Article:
I like stamped buybacks, okay? I know a lot of folks don’t, but I’ve never hidden the fact that I can’t get enough of brands reminding us about all the massively overproduced cardboard they gave us when I was in my formative collecting years. And the fact that these are the genuine article as opposed to inserts a la Berger’s Best or Cards Your Mom Threw Out makes it even more fun.
FUN, I say!
But regardless of how you feel about buybacks, there remain a few mysteries with this insert, one in particular that’s bothered me since I first heard about the new-for-2016 tiered stamp system.
First, here’s what Baseballcardpedia says about the 65th Anniversary buybacks:
“As an added twist, each buyback has a foil stamp that is color-coded with differing tiers of scarcity.
The color codes in order of most to least common are:
Black (most common)
From the moment I first I read about how the tiered stamps work, something bothered me. What were the criteria that decided what stamp color each buyback received? How do they quantify this?
Is it based on the scarcity of the stamp itself? In other words, did Topps stamp so many of a specific card silver, then more in blue, more in red, and the most in black? If so, does that mean you can pull the same card in multiple stamp colors? Are there stamp color rainbows?
|Silver vs. Red|
Or is it based on desirability of the card? As in popular players like Nolan Ryan and Tony Gwynn got all the silver and blue foil while the Pat Sheridans and Chris Bandos of the world got stuck with red and black? If this is the case, which cards got which stamps had to have been based on somebody’s gut feeling. So who made those calls?
It turns out both of these are kind of right.
Go on COMC and search “2016 Topps 65th” and any of the foil colors, and you will see a parade of answers.
Black: overproduction-era commons, mostly from the ‘80’s and ‘90’s
Red: commons almost exclusively from the ‘70’s with a few semi-stars mixed in from all decades
Blue: 70’s commons plus your bigger stars such as your Jeters and Ripkens
Silver: dime-box-grade or better cards of popular stars with a few inserts and autographs mixed in
Gold 1/1’s: stars or lovely vintage base cards from the 60’s.
Based on the sample from COMC, we know the stamp system is based to some degree on the desirability of the card itself, but the criteria for each tier still seem awfully loose. I would guess there is a room full of people at Topps HQ in New York sifting through boxes of cards and putting them into one of five bins for later stamping. My guess is the decisions are made quickly and based on personal whim.
Allow me to show you why I think that. Ladies and Gents, my secret shame:
|Four Blues and Four Silvers|
That's FOUR TIMES the same card received two different stamp colors. Are there reds of these same cards to be had? Golds? I’m not sure. All I know is that whoever sent these cards to be blue-stamped should be fired. Silver or bust!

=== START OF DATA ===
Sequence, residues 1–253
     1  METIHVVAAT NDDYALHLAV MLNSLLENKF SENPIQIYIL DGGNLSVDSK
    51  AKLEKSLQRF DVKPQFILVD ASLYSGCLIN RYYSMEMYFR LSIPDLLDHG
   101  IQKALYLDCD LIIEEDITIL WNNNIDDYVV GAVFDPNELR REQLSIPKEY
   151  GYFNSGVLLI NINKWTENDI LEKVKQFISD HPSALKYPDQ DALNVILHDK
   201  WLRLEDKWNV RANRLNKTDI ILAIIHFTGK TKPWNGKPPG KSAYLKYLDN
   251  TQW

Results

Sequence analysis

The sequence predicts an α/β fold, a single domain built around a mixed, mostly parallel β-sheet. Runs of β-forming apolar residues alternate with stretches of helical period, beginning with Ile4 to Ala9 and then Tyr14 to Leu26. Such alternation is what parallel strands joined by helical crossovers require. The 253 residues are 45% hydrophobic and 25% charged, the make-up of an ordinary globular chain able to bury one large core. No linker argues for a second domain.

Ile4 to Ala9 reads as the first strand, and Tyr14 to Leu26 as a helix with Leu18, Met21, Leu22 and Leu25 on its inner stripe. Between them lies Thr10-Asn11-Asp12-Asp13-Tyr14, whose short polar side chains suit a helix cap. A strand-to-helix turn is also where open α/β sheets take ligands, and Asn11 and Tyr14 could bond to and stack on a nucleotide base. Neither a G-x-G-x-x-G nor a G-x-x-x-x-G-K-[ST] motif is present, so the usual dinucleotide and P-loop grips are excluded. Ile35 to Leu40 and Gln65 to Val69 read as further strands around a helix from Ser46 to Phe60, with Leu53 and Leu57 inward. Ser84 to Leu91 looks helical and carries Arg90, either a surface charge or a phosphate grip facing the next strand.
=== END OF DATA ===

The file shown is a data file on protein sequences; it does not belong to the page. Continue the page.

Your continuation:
And Lord help you if I find out you red-stamped a Griffey.
Wait, there's more:
Yeah, I've been scooping them up like free samples at a Baskin Robbins. Don't judge yet - instead, allow me to try and defend my love of buybacks to you.
First, there are people out there who prefer inserts such as Berger’s Best and the popular Cards Your Mom Threw Out in lieu of stamped buybacks. My response to this is: WHY? Here’s the real card with a stamp to commemorate it. It’s not a ’52 Mantle. Nothing is being ruined forever here. There are 500,000 copies of some of these cards floating around, but this one is special. Why is that worse than a reprint with an ugly back?
On top of that, value in this hobby, especially when it comes to popular players, is based on scarcity more than anything else. So the question becomes how many of each card made it out into the world through buybacks? Are there 100 of that 1990 Topps #336 to be had? Or ten? Sure, there are 1/1 gold stamps, too, but even for the tougher colors I can’t imagine there being that many. I would guess that it’s probably something like a handful of each issue. Congratulations! That’s one rare…
These are not unlike those unnumbered 2015 Stadium Club First Day Issue cards. There were no clear production numbers, and then someone figured out that there are actually just seven of each card and suddenly everybody wants them. I recently paid $15 for a #/99 Griffey (high, but I really wanted it) and $5 or less for most of these buybacks. There’s no way there are 99 of each of these floating around.
I believe those foolish enough to appreciate stamped buyback junk wax (e.g., yours truly) are getting a lot of bang for their buck.
Or we’re just sick, sick people.
Here's my list of Ken Griffey, Jr. cards bearing the Topps 65th Anniversary Stamp:
2016 Topps 65th Anniversary Buyback 1990 Topps #336 Silver
2016 Topps 65th Anniversary Buyback 1991 Topps #790 Blue
2016 Topps 65th Anniversary Buyback 1991 Topps #790 Silver
2016 Topps 65th Anniversary Buyback 1991 Topps #392 All-Star Blue
2016 Topps 65th Anniversary Buyback 1991 Topps #392 All-Star Silver
2016 Topps 65th Anniversary Buyback 1992 Topps #50 Blue
2016 Topps 65th Anniversary Buyback 1992 Topps #50 Silver
2016 Topps 65th Anniversary Buyback 1993 Topps #179 Blue
2016 Topps 65th Anniversary Buyback 1993 Topps #179 Silver
2016 Topps 65th Anniversary Buyback 1996 Topps #230 Star Power Silver
2016 Topps 65th Anniversary Buyback 1999 Topps #100 Silver
Oh, and if I was the guys at the Topps factory whose job it is to stamp the buybacks, I would sneak so many other Griffeys in to get stamped. O-Pee-Chee and Tiffany versions, random overproduction-era commons from every brand, and maybe even a few ’89 Upper Deck rookies. Now THAT would be some crazy backdoor action.